Planes were constantly buzzing overhead on the island of Jeju. However, whenever I was ready to take a photo of them up close there were none to be found. Later in the day I was up the road a bit so they weren’t as close, but the symmetry of these posts made this shot difficult to pass up.
Figuring out kanji used for baseball in Japan is a fun challenge. If you have a basic understanding of kanji you can literally read what Balentien (バレンティン) did on this evening before coming to bat for the fourth time. (遊ゴ = fun go, 四球 = four balls, 死球 = death ball) So what do these things really mean? 遊 is the shortstop (the funnest position?). goro (ゴロ) is grounder so he grounded out to short his first time up. Four balls is easy enough. He walked in his second at bat. But “death ball”? What could that possibly mean? He was hit by the pitch in his most recent at bat.
The Tigers made it to the Japan Series in 2014, thanks to a strange advancement past Hiroshima in the first stage of the Climax Series (equivalent to the division playoffs in MLB). They won the series by tying the Carp. By virtue of their higher seed, that was all they needed to advance. Ultimately, they lost to Fukuoka in the Japan Series (equivalent to the World Series in MLB).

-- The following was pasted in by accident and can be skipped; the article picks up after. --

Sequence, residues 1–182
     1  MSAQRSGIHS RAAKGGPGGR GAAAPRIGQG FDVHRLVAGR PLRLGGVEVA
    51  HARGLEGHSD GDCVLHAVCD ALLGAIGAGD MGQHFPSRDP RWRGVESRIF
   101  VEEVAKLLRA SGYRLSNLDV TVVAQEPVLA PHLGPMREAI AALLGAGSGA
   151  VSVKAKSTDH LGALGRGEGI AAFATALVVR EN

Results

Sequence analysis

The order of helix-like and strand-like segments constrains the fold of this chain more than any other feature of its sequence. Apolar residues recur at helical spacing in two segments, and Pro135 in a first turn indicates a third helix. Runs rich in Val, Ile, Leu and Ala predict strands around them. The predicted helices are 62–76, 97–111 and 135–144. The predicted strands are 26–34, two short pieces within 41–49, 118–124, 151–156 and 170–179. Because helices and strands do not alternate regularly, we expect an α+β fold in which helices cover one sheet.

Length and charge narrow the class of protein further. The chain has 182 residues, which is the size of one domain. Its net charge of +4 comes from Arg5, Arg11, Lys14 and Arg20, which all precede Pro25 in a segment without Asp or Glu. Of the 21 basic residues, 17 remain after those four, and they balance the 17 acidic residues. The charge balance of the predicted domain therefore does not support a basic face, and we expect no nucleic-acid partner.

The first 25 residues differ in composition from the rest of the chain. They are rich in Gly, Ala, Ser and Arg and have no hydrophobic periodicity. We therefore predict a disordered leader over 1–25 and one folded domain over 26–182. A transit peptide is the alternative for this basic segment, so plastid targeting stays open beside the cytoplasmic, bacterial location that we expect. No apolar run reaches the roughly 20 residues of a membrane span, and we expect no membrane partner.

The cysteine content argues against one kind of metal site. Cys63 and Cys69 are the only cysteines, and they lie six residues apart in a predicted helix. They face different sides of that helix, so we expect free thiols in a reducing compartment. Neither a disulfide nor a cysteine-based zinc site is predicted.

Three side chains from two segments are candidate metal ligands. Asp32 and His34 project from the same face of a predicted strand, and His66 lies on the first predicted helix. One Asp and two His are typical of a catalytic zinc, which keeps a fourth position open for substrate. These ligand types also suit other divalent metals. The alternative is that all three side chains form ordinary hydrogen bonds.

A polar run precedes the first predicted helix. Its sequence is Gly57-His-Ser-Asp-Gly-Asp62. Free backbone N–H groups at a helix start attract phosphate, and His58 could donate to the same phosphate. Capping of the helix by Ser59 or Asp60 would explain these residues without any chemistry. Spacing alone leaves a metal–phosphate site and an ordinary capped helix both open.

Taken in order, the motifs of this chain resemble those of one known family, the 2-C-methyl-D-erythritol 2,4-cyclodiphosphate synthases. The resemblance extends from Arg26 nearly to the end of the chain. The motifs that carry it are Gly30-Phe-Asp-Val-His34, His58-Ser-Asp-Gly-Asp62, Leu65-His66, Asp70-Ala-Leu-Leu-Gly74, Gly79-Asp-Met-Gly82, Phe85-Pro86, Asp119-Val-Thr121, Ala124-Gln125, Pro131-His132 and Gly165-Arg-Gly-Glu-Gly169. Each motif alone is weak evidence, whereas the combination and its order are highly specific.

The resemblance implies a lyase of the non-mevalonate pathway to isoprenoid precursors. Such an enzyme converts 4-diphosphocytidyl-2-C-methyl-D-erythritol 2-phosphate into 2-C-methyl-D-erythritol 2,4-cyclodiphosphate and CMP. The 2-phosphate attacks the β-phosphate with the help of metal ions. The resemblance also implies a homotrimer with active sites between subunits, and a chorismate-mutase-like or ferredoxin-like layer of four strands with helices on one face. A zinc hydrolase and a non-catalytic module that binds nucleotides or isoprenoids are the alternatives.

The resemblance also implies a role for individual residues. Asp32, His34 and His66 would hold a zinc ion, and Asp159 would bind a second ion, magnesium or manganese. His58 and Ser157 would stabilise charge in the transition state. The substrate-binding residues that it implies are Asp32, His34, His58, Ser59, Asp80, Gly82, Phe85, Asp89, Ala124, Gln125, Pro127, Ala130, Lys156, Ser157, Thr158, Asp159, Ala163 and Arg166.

Today’s photo comes from a game I went to between the Tigers and the Dragons in 2013. I am not a fan of either team, but I wanted to sit with the crazy Tigers’ fans. However, the Tigers’ fan section was sold out (even though this was a game in Nagoya, not Osaka). So I bought a ticket in the upper deck, behind the crazy fans of the Tigers as did others who couldn’t get the “real” cheering section tickets. The seats were mostly empty, and the fans weren’t nearly as interesting as those below, but they still showed their support in more subdued ways.
Beef based ramen recommended by Kan Otake (大竹寛) of the Hiroshima Carp? Not for me on an extremely hot and humid summer day. In the winter or in an air conditioned restaurant, with freshly made ingredients, and I wouldn’t be able to pass this up.
BTW, koi (鯉) means carp in Japanese. KoiCourt is the food court at the stadium of the Hiroshima Carp.